Creative Child

Why You Shouldn’t Trap Your Kids in Busyness

by Deborah Song on Feb 23rd, 2017

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So how do we go about achieving better balance for our kids?  And what about rest do our kids actually need? Here are some reasons why trapping your child in busyness could be counterproductive and some tips to help.

A cluttered mind is less creative. A cluttered schedule will inevitably clutter the mind. A Time magazine special edition on mindfulness reveals a trove of studies to back up why a cluttered mind is less creative. One study revealed that groups who were asked to remember fewer numbers gave more imaginative responses than their counterparts who were asked to remember more. That’s because our brains switch between exploratory and exploratory modes. In the former mode, we’re more open to new experiences and have a desire to learn and in the latter exploratory mode, we tend to rely on existing knowledge. When our mental capacity is loaded, we are more exploratory and less creative. Not only does having a cluttered brain get in the way of deep and agile thinking but neuroscientists also say that loading our mental resources diminish what we can allocate to what’s presently going on, robbing us of a full experience.

Tip: Commit to less. Sure, you want your child to play in the school orchestra, become a star athlete, and get straight A’s. And maybe there are seven kids in the entire country who can juggle all of these things simultaneously. But your child may focus better being committed to fewer tasks and feel more fulfilled in the process.

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Kids who daydream focus better. People who regularly meditate have been found to have different brain electricity; they pay attention better. So what is meditation exactly and how can we get our kids to meditate? Experts on meditating simply suggest you let your mind wander, and notice the thoughts and let them go. Meditation is nothing more than daydreaming, and it’s hard-wired into every child’s DNA. Kids don’t need yoga to daydream (though yoga has been known to boost mental focus in kids). They daydream while looking up at trees, stacking rocks, drawing or doing any number of kid activities. Those idle moments that seem like a waste of time are actually critical to a child’s ability to focus and have clarity. It’s in daydreaming where kids think about their experiences and connect the dots, the very essence of creativity as Steve Jobs defined it. 

Tip: Schedule in your child’s downtime like you would all his other activities. If you’re not protective about your child’s breaks, they may not get taken. You may also need to manage the quality of your child’s downtime. The kind of downtime that restores the body and mind doesn’t include hours of TV. So the next time you decide to schedule in your child’s me-time, maybe give him an i-break – no iPad, iPhone or any other tablets and electronic devices. It also helps if you’re enjoying your downtime alongside your child. Hugh Jackman was reported to sit in stillness with his children and admitted the ritual changed his life. If you’re unwinding with your child sans phone, it may encourage them to do the same, not to mention the benefits you’ll reap as well.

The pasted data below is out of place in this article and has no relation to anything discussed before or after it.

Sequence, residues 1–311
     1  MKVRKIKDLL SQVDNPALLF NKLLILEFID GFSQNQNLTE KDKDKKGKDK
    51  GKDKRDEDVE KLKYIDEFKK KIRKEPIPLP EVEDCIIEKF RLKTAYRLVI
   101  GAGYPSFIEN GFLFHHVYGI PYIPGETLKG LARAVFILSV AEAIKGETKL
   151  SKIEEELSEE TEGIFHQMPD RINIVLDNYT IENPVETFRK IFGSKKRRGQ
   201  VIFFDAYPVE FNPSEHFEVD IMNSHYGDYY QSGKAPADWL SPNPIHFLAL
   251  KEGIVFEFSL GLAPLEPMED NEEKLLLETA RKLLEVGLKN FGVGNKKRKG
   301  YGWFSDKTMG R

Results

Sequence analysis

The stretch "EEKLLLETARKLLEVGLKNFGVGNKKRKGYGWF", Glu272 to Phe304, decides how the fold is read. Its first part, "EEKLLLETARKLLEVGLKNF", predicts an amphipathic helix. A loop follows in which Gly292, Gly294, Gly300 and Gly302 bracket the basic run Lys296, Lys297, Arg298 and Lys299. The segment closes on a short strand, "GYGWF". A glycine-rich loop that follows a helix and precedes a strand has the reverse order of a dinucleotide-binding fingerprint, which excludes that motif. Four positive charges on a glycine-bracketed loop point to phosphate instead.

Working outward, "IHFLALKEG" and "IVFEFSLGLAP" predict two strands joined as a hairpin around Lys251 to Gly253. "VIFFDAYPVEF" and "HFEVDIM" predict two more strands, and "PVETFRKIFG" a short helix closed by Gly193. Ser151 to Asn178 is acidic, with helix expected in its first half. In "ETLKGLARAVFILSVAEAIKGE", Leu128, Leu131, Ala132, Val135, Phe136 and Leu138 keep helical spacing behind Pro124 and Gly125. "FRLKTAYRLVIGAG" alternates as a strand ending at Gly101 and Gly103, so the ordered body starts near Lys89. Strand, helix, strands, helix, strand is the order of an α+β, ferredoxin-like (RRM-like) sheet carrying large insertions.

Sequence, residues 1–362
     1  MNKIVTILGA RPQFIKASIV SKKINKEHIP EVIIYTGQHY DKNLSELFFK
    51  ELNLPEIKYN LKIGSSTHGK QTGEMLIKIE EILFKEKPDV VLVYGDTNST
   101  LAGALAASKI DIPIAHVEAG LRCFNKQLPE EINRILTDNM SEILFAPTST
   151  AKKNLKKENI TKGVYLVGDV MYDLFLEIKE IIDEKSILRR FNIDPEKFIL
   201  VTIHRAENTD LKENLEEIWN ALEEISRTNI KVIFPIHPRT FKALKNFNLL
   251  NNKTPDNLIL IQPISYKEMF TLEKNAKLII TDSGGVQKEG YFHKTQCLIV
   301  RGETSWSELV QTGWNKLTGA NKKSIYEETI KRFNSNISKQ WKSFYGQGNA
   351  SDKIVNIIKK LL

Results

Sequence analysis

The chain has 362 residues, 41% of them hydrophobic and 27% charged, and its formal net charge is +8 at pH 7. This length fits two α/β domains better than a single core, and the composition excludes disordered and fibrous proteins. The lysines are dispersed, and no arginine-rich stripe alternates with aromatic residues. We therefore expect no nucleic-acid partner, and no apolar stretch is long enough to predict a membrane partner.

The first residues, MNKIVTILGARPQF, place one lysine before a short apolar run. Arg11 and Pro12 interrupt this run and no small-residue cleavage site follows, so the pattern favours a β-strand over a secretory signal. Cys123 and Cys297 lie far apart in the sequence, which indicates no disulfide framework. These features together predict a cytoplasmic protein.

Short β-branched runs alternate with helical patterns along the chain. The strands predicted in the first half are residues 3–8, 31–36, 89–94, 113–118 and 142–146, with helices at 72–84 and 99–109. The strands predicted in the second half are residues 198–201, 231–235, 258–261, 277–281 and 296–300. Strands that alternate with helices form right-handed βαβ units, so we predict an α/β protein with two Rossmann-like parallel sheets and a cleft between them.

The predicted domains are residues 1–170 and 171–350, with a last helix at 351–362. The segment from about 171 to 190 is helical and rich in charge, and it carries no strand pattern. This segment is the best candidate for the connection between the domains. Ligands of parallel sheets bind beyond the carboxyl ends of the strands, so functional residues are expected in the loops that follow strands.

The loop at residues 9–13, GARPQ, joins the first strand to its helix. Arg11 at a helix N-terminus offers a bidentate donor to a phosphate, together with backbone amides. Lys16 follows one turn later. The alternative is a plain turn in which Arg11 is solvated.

Better focus leads to more satisfaction. Avoiding the busy trap doesn’t mean avoiding hard work. It means more focused energy that usually stems from passion. I spend a lot of time interviewing kid entrepreneurs (link to: lemonadepost.com) who have started businesses and nonprofit organizations based on their passions. Since kids don’t usually have to work, they’ll only pursue ventures that give them meaning and purpose. These kids are busy too. But they aren’t busy for the sake of busyness. And that’s the point. Purpose and meaning help sharpen focus, but being able focus on less also gives kids the ability to discover who they are and what their passions are. There’s also a strong relationship between the depth of our sleep at night and the heights of our passions during the day. The more fulfilled you feel, the more energy you burn, and the better the wind down is at night.

Tip: Follow your child’s lead. Exposing your child to a plethora of opportunities is wonderful. But just make sure to do in it in doses. And realize that ultimately, it’s your child who has to do the discovering. Being told he has to or should like something will only keep him from feeling inspired, even about things that may have initially sparked his interest.

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Slowing down enables a healthier lifestyle. One of the worst consequences of being constantly on the go is bad eating habits. It’s not uncommon for kids to eat while en route to the next activity. A big part of being singularly focused and the mindfulness movement is eating slowly. When you’re child is mindful about what he eats, he involves all of his senses. Your child will notice textures, different aromas, and the varying colors of food alongside taste. Experiencing food this way has been shown to improve food satisfaction, which leaves them eating less.

Tip: Make time to eat. Good eating habits stay with kids for the rest of their lives. Try to have meals at the dinner table with the TV turned off.  And try to have some meals together as a family, especially since kids model their parents.

Deborah Song is a Los Angeles-based writer and the mother of two girls. She received her master’s in journalism from New York University and writes about parenting, business and kid entrepreneurship. You can read more of her work at lemonadepost.com.

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